Washington Diarist

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APRIL 3, 2006

Washington Diarist

I blame George W. Bush's election for many ills, and, to that list,
I can now add the fact that I have been publicly shamed for not
owning a gun. My unwilling confession took place a month ago, while
I was being interviewed by the right-wing radio talk-show host Hugh
Hewitt. He asked me whether I owned a gun and whether I had ever
owned a gun (in what seemed to be consciously McCarthyite
language). Later, he proceeded with a lengthier inquisition into
whether I had friends or relatives in the military. He asked a
version of this question some half-dozen times. ("Is there anyone
that you want to bring up, like your aunt or your uncle, or the guy
down the street?") I volunteered that my next-door neighbor and
friend is a naval reservist, but this failed to mollify him. "Do
you know anyone who's been back and forth to Iraq and been deployed
there?" he asked. Sadly, I was unable to produce any evidence for
my defense. In the court of right-wing talk radio, I was convicted
of being a blue- state elitist.This is a very odd cultural moment we find ourselves in, where there
is a stigma attached to not owning a gun or not having friends
shipped out to Iraq. This isn't a moral question; military service
is obviously admirable, but knowing people who serve is no more
admirable than knowing people who donate to charity. It's a
cultural question. Since Bush's election, and especially since his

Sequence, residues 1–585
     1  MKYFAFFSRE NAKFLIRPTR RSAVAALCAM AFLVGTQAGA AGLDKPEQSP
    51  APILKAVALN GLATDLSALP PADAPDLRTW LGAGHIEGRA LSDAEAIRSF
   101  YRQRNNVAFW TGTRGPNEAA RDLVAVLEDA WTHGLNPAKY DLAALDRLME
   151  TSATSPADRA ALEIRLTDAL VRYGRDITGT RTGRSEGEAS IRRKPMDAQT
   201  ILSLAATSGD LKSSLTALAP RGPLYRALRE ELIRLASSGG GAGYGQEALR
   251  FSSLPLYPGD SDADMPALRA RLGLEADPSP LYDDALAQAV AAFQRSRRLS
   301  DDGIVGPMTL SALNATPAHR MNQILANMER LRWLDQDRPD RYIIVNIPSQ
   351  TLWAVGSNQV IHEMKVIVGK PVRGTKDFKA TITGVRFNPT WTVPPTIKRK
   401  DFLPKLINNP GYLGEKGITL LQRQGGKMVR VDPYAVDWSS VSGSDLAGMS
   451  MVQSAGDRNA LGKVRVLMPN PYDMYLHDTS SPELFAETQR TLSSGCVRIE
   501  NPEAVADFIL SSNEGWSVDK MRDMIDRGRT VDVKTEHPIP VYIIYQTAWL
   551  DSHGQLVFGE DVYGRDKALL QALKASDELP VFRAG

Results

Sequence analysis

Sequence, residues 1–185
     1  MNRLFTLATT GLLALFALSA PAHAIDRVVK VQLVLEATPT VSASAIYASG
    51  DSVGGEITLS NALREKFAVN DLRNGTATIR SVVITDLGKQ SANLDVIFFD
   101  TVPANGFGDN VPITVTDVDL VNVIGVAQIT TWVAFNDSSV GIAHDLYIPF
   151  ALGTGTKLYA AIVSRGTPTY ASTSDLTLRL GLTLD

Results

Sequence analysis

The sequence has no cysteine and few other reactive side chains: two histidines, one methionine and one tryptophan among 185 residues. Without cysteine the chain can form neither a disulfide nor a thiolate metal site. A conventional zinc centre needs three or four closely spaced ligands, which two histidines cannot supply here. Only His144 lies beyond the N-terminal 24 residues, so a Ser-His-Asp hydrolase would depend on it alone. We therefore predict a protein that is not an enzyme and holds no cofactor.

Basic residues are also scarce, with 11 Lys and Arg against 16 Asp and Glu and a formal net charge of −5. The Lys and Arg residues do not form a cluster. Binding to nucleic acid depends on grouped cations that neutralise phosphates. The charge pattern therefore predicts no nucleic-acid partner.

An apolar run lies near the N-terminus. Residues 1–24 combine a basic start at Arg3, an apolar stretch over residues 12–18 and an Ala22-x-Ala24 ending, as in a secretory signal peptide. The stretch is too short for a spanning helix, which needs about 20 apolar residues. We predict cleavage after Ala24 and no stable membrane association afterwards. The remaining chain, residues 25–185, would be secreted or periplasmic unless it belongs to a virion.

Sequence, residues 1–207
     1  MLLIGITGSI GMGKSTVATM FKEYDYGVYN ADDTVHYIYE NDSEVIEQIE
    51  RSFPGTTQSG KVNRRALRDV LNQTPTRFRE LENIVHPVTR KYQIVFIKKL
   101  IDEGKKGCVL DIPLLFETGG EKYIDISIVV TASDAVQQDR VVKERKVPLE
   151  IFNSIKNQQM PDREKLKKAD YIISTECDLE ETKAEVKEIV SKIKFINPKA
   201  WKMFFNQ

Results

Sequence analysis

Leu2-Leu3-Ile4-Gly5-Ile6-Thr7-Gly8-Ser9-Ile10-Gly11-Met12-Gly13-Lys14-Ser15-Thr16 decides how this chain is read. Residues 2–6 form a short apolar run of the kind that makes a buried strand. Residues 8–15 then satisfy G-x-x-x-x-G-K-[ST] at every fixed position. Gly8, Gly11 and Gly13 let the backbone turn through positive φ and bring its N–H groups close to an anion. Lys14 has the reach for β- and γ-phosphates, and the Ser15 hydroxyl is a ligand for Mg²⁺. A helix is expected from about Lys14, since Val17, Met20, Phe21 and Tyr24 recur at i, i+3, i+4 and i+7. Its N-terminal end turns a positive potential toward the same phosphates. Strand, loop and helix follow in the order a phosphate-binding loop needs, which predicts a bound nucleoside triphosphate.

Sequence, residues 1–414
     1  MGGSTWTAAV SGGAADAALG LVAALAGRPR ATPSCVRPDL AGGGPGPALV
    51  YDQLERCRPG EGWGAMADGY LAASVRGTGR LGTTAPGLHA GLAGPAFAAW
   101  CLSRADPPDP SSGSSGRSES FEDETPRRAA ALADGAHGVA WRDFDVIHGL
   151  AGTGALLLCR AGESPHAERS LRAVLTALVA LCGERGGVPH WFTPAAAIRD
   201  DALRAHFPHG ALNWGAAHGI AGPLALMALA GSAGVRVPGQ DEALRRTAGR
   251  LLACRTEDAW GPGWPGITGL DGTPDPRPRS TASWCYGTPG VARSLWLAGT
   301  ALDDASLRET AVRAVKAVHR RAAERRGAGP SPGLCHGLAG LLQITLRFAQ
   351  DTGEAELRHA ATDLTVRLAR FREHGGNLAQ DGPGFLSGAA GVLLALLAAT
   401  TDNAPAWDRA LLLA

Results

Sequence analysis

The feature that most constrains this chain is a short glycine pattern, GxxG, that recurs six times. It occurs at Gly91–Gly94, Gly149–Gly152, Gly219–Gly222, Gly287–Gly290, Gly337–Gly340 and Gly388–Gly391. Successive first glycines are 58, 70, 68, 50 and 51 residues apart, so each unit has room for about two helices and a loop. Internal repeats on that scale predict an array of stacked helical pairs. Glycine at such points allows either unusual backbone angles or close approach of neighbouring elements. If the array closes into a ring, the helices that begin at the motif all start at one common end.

reelection, liberals have grown painfully aware of the cultural gap
with the white working class. The approved liberal posture is
cringing self- flagellation. We brought the catastrophe of the Bush
administration upon ourselves with our latte-sipping ways, and we
must repent. Conservatives are gleefully pressing their advantage.
Did you mourn Dale Earnhardt? Do you sport a mullet? Well, why
not?

David Brooks, in his 2004 book On Paradise Drive, taunted blue-state
liberals: "They can't name five nascar drivers, though stock-car
races are the best-attended sporting events in the country. They
can't tell a military officer's rank by looking at his insignia.
They may not know what soybeans look like growing in the field."
Meanwhile, The Washington Monthly has recently published cover
stories on how Democrats can save hunting and win the trust of
religious voters. You don't see liberals taunting nascar fans who
can't name the host of "Masterpiece Theatre" or conservatives
agonizing over their hemorrhaging support among intellectuals.
Instead, conservatives have indulged in an orgy of reverse
snobbery. Victor Davis Hanson, writing in National Review in the
summer of 2004, asserted, with his usual insight, that liberals
hate Bush because "he is an unapologetic twanger who likes guns,
barbeques, nascar, `the ranch,' and pick-up trucks." Actually, the
pickups don't bother us, because we realize that Bush primarily
rides in armor-plated limousines like most of us Democrats. But the
barbequing is indeed a real sore point. Damn that barbeque-eating
president!

In yet another nervous liberal attempt to placate the red-state
hordes, The Washington Post recently started a blog called Red
America. The blog's author, displaying a typical hair-trigger